The historical Jesus, the revolutionary leader who sought to defeat an empire, has been buried by a safe and sanitised interpretation of him that bears little relation to his life and the meaning of that life.

WE ARE TOLD FREQUENTLY that Christmas is a time of giving. It is a time when we give our money to retailers for consumer goods that many us can't really afford and which we give to family and friends who probably don't really need them.

While it is true that encouraging the frenetic consumption of essentially disposable products can no longer be the goal of our economic system, its a message that, at this time of the year, gets buried under a landslide of advertising urging us to buy, buy, buy. And then you can spend even more money you haven’t got at the Boxing Day sales.

Of course Christmas isn't supposed to be a time of regimented fun orchestrated by a capitalism gone mad. We are also told this it is a time to mark and reflect on the life and times of a man who gave birth to one of the world's major religions.

That meaning is wrapped up in the Nativity scene we are all familiar with. Jesus, the son of God, born in a manger under a star that guided the Three Wise Men to Bethlehem. The child grew into blameless man. He became the Christ, the saviour of Humanity, his miraculous deeds recounted in the Bible.

For many people, this is enough. They find meaning in a story that they judge to be true. Whether there has been any critical assessment gone into that judgment is open to debate.

But many us recoil at this interpretation of Jesus because it requires us to leaves our critical faculties parked at the entrance to the church. We find it as believable as the story of a jolly fat man in a red suit flying through the sky in a sleigh pulled by seven reindeer.

But this interpretation of Jesus is exactly that - an interpretation. It is an interpretation born of political expediency and choices made. Hidden behind this Jesus, a strangely ethereal figure unconcerned with mundane earthly matters, stands a historical Jesus grounded in the material conditions of his time. This is the Jesus many of us would understand and perhaps be inspired by, if only the story was told.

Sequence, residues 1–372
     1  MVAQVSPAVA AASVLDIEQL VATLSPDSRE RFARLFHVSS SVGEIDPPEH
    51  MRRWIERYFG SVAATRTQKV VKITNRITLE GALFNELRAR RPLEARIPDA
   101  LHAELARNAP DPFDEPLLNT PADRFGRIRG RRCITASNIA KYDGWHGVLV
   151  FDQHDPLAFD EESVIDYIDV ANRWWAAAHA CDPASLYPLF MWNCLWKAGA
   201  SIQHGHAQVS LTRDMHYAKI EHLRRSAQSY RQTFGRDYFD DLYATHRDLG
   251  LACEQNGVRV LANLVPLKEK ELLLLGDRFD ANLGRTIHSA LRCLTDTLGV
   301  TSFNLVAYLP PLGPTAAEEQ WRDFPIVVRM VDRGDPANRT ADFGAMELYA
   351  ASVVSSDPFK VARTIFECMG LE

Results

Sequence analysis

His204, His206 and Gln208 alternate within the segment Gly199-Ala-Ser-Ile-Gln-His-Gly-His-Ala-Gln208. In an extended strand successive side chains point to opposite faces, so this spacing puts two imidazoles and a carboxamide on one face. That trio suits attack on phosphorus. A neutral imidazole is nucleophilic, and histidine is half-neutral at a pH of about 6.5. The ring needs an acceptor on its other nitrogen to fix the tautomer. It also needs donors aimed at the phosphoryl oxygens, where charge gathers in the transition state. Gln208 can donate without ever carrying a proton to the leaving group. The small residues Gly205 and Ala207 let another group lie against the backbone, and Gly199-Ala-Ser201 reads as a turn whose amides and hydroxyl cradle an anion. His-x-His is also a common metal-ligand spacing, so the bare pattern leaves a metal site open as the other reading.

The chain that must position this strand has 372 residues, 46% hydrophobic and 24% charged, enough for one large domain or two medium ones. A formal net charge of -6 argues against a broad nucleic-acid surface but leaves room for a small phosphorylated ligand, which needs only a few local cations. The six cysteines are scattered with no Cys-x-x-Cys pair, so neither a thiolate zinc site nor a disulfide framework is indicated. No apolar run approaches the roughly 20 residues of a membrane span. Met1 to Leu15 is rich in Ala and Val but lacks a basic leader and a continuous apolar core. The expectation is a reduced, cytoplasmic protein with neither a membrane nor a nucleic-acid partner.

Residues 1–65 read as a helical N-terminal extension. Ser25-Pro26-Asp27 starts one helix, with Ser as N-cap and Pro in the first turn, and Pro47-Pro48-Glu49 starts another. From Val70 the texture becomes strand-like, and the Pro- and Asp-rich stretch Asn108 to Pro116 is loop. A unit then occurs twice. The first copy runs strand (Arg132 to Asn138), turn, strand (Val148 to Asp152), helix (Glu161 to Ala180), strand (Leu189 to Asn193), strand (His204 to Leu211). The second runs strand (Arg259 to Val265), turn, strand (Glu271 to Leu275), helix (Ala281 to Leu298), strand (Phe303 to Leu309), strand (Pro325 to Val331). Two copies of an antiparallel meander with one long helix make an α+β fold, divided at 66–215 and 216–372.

This is Jesus the Jewish revolutionary. This is the historical Jesus who sought to build a political movement that challenged the Roman occupation, the Jesus who declared that the status quo was corrupt, who defied the corpulent priesthood.

That Jesus has largely been lost - and not by accident. Christianity itself felt the need to distance itself from the revolutionary politics of its founder because, initially at least, it allowed the early church to escape retribution from the Roman Empire. A Jesus depicted as a peaceful, law abiding spiritual leader was one Rome could tolerate. This was the Jesus that left us with little more than a few platitudes and some inspirational thoughts.

In 325 C.E. (Common Era) the Nicene Creed formally sanctioned the orthodox belief of the Christian Church - Jesus was the Messiah. The long evolution of Jesus the revolutionary leader to the Son of God was complete.

The real Jesus that has been largely forgotten - and is nowhere to be found at Christmas - is the Jesus who took on the most powerful empire in the world. Yes, he may of lost - but it is an inspiring story that resonates even today. Many of us would draw parallels with our struggles. And, like Jesus, we too are confronted by a powerful empire - one that will anoint a new Caesar on January 20 next year.

Have a good one. See you in 2017.


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